The “best” workflow and process automation tool does not exist. In broad strokes IFTTT and Zapier perform the same function, to connect apps and automate workflows. Each has their own strengths and weaknesses. Choosing the right app is difficult because each app fits a different niche.
Zapier and IFTTT (If This Then That) are examples of integration software, tools that use conditional statements and logic triggers (Zapier refers to them as “Zaps” and IFFTT calls them “Recipes”) to help your software work better together.
In other words, workplace automation tools of the Zapier and IFTTT variety automate by linking apps together through cause-and-effect, or trigger-and-action, relationships. Meaning, something that happens on one app causes an event to occur automatically on another. In simple terms: if A, then B.
An example of a routine task you could automate would be logging newly created Trello cards in a Google Sheets spreadsheet. Another might be creating a note in Evernote whenever a new tweet is generated.
IFTTT and Zapier both call themselves “codeless automation” - but there is no codeless automation . Instead of typing code in an editor, you click boxes in a websites and connect boxes - which generates a workflow. This is more or less the same way that you do with classic scripting. So “codeless” is a markting term.
IFTTT is the most simple of the two. Each workflow has one trigger and one action. Beautifully designed, IFTTT is a great starting place with automation. The clean simple structure of the app ranks IFTTT as a top contender. The low learning curve and easy sign up make it quick and painless to get rolling out automated workflows. The simplicity comes with drawbacks. IFTTT only has single action workflows. As long as your workflows don’t require complex calculations IFTTT may be the perfect fit for what you need to do.
Zapier works almost identically to IFTTT but is focused more on business and marketing uses. It connects with business tools such as Recurly, HootSuite, HelloSign, MySQL and much more.
However, Zapier does not have any mobile apps or third-party tools for using the service, and it’s not free either. That said, it can do a heck of a lot more than IFTTT when it comes to creating and defining zaps – Zapier’s version of recipes.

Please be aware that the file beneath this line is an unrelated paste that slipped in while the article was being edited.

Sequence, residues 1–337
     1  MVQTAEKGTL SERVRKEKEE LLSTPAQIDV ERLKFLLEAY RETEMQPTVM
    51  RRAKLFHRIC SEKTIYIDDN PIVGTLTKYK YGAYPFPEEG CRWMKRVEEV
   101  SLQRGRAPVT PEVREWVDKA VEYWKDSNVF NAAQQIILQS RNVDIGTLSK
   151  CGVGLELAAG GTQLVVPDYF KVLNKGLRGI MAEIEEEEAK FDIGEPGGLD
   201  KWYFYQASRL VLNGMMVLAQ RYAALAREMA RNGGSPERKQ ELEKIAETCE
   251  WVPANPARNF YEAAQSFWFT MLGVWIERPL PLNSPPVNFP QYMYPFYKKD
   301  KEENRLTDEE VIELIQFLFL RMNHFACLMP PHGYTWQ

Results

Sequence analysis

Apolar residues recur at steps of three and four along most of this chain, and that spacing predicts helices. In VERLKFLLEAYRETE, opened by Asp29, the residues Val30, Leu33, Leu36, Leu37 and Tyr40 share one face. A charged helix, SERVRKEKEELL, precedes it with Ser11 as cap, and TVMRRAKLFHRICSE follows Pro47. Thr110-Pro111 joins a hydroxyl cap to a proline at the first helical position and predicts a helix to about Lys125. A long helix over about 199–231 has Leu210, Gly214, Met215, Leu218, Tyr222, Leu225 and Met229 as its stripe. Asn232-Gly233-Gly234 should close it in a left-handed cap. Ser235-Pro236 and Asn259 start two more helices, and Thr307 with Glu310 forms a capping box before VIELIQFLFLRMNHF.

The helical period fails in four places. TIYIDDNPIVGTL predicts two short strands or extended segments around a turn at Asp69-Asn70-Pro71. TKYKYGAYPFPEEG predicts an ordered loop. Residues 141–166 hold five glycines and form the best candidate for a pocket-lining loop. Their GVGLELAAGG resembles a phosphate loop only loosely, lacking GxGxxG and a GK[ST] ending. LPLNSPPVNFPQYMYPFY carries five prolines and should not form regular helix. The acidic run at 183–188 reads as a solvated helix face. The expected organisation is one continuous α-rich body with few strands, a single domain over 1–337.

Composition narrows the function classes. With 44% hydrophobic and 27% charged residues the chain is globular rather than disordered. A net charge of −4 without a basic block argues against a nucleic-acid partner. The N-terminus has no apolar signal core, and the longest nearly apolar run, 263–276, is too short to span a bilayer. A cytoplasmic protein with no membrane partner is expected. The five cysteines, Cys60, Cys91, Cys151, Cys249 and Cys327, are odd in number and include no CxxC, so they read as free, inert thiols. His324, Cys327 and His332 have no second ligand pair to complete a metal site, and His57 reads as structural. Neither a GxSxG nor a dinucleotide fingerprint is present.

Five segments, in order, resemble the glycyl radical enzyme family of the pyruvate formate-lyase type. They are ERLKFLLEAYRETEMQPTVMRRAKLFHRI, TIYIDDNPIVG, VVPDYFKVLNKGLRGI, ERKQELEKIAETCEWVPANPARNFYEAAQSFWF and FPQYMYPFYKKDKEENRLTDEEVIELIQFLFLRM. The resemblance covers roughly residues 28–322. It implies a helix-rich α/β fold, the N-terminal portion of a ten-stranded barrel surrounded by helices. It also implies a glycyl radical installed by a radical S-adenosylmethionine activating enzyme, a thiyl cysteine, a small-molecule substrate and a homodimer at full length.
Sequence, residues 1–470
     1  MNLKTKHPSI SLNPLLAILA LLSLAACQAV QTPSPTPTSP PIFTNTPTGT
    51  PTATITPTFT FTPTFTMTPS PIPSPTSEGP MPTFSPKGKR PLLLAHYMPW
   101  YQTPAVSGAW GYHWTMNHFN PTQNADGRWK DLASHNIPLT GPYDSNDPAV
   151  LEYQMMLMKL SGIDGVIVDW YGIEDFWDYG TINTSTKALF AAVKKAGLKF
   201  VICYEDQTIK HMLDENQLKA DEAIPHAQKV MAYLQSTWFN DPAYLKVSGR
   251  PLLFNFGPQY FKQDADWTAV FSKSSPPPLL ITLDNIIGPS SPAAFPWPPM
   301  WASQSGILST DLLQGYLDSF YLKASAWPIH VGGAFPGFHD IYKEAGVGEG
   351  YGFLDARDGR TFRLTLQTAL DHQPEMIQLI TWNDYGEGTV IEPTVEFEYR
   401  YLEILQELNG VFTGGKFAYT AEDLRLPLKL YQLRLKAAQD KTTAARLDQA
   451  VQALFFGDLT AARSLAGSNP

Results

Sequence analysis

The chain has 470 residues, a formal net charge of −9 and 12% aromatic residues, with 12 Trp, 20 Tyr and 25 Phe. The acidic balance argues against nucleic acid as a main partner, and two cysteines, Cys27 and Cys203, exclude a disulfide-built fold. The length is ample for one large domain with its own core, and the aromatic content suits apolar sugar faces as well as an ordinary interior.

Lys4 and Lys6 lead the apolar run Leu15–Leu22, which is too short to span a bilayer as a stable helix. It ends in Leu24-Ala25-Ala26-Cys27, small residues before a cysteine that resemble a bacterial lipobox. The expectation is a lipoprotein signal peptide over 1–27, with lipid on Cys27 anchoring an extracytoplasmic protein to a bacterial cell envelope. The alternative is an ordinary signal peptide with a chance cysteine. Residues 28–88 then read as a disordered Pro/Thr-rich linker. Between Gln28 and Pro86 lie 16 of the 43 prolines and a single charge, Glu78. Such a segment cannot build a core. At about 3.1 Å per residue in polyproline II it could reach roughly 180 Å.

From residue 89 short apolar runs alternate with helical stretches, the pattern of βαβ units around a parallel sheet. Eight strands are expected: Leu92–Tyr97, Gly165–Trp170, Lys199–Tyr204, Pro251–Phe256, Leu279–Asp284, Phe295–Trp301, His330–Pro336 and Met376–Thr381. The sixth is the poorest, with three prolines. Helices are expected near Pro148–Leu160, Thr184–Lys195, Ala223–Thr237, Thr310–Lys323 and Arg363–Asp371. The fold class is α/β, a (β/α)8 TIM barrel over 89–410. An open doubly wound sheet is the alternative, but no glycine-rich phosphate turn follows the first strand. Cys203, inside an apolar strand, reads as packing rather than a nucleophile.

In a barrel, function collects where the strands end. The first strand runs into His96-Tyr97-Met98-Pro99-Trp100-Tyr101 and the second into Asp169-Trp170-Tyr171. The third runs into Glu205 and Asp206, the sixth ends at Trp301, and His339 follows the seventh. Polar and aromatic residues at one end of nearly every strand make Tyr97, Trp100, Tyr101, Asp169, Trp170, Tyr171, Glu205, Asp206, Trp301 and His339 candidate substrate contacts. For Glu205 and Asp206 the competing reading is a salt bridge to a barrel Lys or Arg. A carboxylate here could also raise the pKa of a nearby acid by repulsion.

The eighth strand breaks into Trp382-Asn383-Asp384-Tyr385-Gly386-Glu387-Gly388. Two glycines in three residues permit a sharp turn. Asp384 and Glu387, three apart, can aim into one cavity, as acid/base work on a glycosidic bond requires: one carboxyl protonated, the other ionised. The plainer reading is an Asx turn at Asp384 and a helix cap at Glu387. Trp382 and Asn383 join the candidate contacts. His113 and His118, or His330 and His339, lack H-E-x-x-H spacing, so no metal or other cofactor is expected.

Zapier vs IFTTT
The table below compares the key features of these two well-known Windows automation tools. Both tools can work only with websites that expose their features via an API - they can not be used to automate “any website”.
|Supported Platforms||Web only||Web, Mobile||Win, Mac, Linux|
|Security Rating||Good||Good||Very Good|
|Openness||High||Very high||Very high|
|Supported web apps||500+||271||Unlimited (via browser automation)|
|Workflow||Multi-step Zaps||IF and DO recipes||Complete Flow control|
|Library||Confusing||Easy to use||none|
|Target audience||Business||More Home use||Business, Gamers|
As third option the table includes Kantu, a computer-vision and AI powered lightweight RPA tool. It runs as browser addon and not in the cloud. Using Kantu is ideal when a web service has no API. Kantu does browser automations and works inside the browser, so it work with everywebsite - even when there is no API. It is ideal for ETL (Extract / Transfer / Load) automation.
Zapier and IFTTT are trustworthy. But their code is closed source and everything runs in the cloud. So you must trust the developers that they do not send of critical corporate information to outside servers. By contrast, the Kantu core is open-source and runs locally onyour machine, so you can easily check that no information is send anywhere. We require a software to be Open-Source and run local to be eligible for a very good security rating.
While Zapier and IFTTT rank as the two big names in the industry, there are others out there like Tray.io, Integromat, Microsoft Flow and Stringify.